Thursday, March 7, 2013

ready or not ready or not

This night the fire cracked and the dog, restless, ran out into the orchard, and the mice in the walls ran and ran and ran, preparing their nests for winter, and I was awake. There was no reason for me to be awake, but in the cold light of the moon I could hear the mice in the walls and I could hear the dog in the orchard and I could hear the ashes of the woodstove settling and I saw the ghost sleeping in my bed. She was very old, very, very old. This surprised me the most, for I did not know anyone as old as the woman sleeping in my bed. She had grey hair braided in two braids, neat long braids, and she slept in a pointy hat which I thought might be red, the moon was so bright it looked like a red hat, and grey braids, and hands wrinkled, wrinkled, skin so translucent and papery white that it glowed in the moonlight.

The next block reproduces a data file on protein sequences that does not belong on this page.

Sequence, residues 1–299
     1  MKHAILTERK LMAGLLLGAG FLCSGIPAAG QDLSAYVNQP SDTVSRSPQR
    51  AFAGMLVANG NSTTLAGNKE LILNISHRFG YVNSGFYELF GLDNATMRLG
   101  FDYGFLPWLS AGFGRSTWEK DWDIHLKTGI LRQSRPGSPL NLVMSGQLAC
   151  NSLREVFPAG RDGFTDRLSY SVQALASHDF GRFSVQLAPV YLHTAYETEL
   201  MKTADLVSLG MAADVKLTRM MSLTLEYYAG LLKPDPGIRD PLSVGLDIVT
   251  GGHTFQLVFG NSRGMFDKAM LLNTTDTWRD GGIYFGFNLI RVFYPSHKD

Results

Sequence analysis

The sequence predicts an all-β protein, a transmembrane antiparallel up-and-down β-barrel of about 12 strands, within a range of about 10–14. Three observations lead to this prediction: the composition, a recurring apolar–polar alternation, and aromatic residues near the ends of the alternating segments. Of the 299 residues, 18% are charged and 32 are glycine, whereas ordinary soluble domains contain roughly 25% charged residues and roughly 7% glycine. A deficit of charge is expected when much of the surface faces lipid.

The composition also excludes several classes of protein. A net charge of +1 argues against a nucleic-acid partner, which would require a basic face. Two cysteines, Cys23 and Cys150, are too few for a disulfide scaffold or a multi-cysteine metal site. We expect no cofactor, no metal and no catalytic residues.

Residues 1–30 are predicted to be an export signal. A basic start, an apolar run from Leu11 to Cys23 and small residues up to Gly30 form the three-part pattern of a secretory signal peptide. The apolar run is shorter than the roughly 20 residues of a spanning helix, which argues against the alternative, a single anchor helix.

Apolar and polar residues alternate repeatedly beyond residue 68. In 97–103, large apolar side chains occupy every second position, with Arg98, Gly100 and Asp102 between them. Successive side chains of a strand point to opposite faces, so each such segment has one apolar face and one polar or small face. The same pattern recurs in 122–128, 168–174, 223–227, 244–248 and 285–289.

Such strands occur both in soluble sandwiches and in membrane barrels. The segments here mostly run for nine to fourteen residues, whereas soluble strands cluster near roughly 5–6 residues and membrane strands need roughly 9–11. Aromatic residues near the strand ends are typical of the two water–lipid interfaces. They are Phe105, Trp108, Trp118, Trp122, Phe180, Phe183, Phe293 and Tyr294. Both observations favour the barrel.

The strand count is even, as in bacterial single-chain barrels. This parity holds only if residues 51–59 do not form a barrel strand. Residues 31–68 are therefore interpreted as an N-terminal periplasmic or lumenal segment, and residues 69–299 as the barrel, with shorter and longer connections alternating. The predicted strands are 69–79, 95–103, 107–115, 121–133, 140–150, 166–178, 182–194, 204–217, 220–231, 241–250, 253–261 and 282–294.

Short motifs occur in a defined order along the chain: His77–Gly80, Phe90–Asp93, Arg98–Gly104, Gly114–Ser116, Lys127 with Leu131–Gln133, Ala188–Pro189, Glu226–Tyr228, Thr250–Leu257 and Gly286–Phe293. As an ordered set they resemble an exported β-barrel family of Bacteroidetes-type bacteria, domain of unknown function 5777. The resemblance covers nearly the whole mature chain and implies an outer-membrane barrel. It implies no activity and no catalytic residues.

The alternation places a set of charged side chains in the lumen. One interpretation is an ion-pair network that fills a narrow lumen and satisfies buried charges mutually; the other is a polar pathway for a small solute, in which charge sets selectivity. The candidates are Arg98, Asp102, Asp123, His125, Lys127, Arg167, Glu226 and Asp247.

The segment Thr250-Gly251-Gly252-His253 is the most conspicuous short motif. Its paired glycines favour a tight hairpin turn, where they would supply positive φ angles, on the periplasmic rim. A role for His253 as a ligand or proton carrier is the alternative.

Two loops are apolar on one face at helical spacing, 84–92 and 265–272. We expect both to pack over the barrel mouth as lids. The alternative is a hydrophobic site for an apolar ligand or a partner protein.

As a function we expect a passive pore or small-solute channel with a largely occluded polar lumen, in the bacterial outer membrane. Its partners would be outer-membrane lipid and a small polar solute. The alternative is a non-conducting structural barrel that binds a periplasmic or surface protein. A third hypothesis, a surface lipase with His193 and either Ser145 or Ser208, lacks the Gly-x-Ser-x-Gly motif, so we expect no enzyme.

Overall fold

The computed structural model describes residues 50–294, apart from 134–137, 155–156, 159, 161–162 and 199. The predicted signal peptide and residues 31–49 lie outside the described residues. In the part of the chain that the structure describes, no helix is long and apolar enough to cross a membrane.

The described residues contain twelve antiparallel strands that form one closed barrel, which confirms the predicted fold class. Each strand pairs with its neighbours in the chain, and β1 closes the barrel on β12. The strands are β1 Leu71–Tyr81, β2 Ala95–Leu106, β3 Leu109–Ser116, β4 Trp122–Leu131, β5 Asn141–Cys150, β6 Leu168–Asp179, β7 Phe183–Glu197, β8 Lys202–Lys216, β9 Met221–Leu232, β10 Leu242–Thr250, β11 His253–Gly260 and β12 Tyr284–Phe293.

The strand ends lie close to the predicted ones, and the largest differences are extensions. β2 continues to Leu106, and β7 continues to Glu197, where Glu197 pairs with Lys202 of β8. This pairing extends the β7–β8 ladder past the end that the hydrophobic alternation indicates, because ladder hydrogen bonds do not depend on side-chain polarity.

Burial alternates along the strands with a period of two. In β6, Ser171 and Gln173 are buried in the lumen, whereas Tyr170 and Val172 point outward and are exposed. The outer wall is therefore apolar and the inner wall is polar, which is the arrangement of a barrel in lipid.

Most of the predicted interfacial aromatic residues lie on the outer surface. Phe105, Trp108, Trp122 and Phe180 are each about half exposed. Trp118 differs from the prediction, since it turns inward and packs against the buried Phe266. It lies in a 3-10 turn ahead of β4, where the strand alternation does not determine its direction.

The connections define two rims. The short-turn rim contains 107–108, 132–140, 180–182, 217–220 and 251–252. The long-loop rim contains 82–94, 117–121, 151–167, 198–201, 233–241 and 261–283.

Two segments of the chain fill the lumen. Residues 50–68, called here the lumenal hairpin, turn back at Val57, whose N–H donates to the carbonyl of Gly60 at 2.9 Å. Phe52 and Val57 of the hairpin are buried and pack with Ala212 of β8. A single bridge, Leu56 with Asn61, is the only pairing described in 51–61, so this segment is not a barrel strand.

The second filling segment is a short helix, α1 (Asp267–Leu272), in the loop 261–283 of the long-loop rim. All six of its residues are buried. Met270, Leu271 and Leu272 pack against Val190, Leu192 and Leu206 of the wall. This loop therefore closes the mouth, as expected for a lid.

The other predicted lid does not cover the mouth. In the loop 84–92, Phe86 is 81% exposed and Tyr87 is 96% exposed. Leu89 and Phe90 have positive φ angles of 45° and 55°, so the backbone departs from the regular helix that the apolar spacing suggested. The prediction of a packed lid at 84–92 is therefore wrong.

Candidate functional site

It was her glowing that made me wonder if maybe she was a ghost, and then I looked at my hands in the white white moonlight and saw that they glowed, too, except my hands didn't have wrinkles, they had cuts and scratches and dirt under the nails that I was supposed to wash away but always forgot to. Then I wondered if the old woman was maybe a ghost because she glowed so bright, and if I also glowed so bright, was I a ghost, too? I didn't want to be a ghost.  I didn't want to be a child, and I didn't want to be a grown-up, but there were lots of things I wanted to do that ghosts couldn't do, like jump in piles of leaves and swing up higher than the roof of the house and turn somersaults underwater in the lake and raise tadpoles into baby frogs in jars in my bedroom and watch their tails disappear and eat chocolate cake. I was pretty sure ghosts didn't eat chocolate cake, although maybe I was wrong. I didn't really know, it wasn't the type of question grown-ups liked me asking and I hadn't met any other ghosts before.